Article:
What is the Working Principle of Lithium Batteries?
Jun. 24, 2021
Portable electronic products use batteries as power sources. With the rapid development of portable products, the consumption of various batteries has increased greatly, and many new types of batteries have been developed. In addition to the familiar high-performance alkaline batteries, rechargeable nickel-cadmium batteries, and nickel-hydrogen batteries, there are also lithium batteries developed in recent years. Here we mainly introduce the basic knowledge about lithium batteries. This includes large-capacity lithium batteries such as its characteristics, main parameters, model significance, application range and precautions for use. As a Lithium Battery Wholesale, share with you.
Lithium is a metal element. Its chemical symbol is Li. It is a silver-white, very soft, and chemically active metal. It is the lightest among metals. In addition to its application in the nuclear energy industry, it can also manufacture special alloys, special glass (fluorescent screen glass used in TV sets) and lithium batteries. In lithium batteries it is used as the anode of the battery.
Lithium batteries are also divided into two categories: non-rechargeable and rechargeable. Non-rechargeable batteries are called disposable batteries, which can only convert chemical energy into electrical energy at one time, and cannot restore electrical energy back to chemical energy (or have extremely poor reduction performance). The rechargeable battery is called a secondary battery (also called a storage battery). It can convert electrical energy into chemical energy for storage, and then convert chemical energy into electrical energy when it is used. It is reversible, such as the main feature of electrical energy chemical energy lithium batteries.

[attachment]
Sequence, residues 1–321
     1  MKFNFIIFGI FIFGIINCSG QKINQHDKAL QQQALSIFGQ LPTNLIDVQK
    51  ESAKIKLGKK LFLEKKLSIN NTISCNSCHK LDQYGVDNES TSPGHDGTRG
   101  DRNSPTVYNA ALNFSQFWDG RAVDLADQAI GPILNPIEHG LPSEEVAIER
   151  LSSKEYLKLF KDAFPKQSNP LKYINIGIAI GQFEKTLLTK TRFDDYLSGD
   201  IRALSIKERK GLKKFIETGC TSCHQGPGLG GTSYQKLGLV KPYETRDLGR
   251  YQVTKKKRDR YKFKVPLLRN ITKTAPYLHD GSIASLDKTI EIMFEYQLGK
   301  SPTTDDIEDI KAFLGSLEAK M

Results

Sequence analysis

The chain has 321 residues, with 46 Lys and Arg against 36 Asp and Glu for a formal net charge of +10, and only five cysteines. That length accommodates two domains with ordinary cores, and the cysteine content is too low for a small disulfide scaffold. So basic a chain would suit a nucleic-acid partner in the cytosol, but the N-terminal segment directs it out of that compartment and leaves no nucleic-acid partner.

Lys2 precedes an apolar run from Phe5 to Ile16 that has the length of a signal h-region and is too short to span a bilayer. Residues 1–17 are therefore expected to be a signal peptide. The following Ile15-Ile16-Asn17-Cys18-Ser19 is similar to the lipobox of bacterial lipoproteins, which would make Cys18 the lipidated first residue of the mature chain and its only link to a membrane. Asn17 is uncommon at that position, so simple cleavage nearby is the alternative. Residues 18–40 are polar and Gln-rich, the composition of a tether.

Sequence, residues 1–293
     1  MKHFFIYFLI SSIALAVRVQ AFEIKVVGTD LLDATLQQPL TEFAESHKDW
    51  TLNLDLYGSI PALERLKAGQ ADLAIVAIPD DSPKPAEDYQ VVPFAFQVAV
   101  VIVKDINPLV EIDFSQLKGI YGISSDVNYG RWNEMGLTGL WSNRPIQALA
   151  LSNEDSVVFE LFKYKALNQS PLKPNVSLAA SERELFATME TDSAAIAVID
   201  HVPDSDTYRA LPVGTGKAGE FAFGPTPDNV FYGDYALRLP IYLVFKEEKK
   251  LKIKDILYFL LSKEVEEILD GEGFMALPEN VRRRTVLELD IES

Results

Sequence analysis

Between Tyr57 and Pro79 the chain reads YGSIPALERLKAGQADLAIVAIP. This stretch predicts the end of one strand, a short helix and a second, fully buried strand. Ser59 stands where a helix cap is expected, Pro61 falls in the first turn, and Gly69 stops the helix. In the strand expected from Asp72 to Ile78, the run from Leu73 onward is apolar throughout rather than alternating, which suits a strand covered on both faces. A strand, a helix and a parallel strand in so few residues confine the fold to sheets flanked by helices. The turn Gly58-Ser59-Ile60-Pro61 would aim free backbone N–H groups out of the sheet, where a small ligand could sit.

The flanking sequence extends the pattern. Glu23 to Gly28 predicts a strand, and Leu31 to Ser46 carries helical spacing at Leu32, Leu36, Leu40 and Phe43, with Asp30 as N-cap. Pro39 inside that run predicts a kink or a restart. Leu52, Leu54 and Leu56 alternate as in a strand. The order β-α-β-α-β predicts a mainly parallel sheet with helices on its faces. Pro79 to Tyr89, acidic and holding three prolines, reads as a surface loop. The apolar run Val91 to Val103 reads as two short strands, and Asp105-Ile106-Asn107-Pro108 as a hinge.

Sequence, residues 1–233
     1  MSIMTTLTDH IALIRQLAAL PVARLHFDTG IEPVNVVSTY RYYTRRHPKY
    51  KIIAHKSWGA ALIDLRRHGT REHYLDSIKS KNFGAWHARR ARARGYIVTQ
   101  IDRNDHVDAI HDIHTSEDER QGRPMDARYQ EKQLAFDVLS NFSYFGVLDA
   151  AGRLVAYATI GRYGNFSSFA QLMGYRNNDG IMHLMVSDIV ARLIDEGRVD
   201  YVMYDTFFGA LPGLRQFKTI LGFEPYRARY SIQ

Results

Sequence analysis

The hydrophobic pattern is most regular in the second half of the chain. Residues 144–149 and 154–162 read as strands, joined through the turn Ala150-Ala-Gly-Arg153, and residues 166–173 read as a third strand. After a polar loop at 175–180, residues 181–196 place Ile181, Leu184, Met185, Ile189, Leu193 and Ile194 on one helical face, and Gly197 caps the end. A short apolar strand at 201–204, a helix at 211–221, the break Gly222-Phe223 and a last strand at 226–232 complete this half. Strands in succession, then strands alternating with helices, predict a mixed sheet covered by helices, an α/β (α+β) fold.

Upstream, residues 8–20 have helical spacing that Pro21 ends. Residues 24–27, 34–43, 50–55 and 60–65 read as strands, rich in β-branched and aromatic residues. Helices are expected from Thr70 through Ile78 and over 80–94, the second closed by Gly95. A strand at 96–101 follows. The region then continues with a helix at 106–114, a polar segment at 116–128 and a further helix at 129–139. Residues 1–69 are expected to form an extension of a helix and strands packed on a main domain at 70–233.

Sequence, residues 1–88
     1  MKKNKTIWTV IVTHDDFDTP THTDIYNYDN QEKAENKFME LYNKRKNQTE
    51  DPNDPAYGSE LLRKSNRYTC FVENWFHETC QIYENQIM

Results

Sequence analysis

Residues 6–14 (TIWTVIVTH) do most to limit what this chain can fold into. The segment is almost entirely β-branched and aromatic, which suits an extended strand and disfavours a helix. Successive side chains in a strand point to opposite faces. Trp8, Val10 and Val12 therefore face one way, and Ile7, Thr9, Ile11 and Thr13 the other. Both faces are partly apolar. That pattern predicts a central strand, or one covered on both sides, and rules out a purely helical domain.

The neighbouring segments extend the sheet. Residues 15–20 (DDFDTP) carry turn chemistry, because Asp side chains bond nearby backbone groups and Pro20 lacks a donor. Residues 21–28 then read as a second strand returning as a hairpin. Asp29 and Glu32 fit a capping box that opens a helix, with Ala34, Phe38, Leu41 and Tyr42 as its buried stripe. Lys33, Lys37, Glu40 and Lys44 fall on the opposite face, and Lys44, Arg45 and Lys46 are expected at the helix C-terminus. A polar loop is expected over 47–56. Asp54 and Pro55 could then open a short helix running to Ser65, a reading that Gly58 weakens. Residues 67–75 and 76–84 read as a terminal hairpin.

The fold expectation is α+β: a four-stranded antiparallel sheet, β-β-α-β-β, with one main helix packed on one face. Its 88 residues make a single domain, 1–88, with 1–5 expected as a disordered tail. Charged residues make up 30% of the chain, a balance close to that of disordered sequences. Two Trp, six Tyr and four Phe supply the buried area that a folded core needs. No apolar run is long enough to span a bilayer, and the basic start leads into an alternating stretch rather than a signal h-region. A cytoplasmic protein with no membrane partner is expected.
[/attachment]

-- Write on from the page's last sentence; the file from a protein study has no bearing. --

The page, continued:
The cathode material of lithium-ion batteries is usually composed of lithium active compounds, while the anode is carbon with a special molecular structure. The main component of common positive electrode material is LiCoO2. When charging, the electric potential applied to the two poles of the battery forces the compound of the positive electrode to release lithium ions, which are embedded in the carbon in which the molecules of the negative electrode are arranged in a sheet structure. During discharge, lithium ions are precipitated from the carbon of the lamellar structure and recombine with the compound of the positive electrode. The movement of lithium ions produces a current high-capacity lithium battery.
Although the chemical reaction principle is very simple, in actual industrial production, there are many practical issues that need to be considered: the material of the positive electrode needs additives to maintain the activity of multiple charging and discharging, and the material of the negative electrode needs to be designed at the molecular structure level. To accommodate more lithium ions; the electrolyte filled between the positive and negative electrodes, in addition to maintaining stability, also needs to have good conductivity to reduce the internal resistance of the battery.
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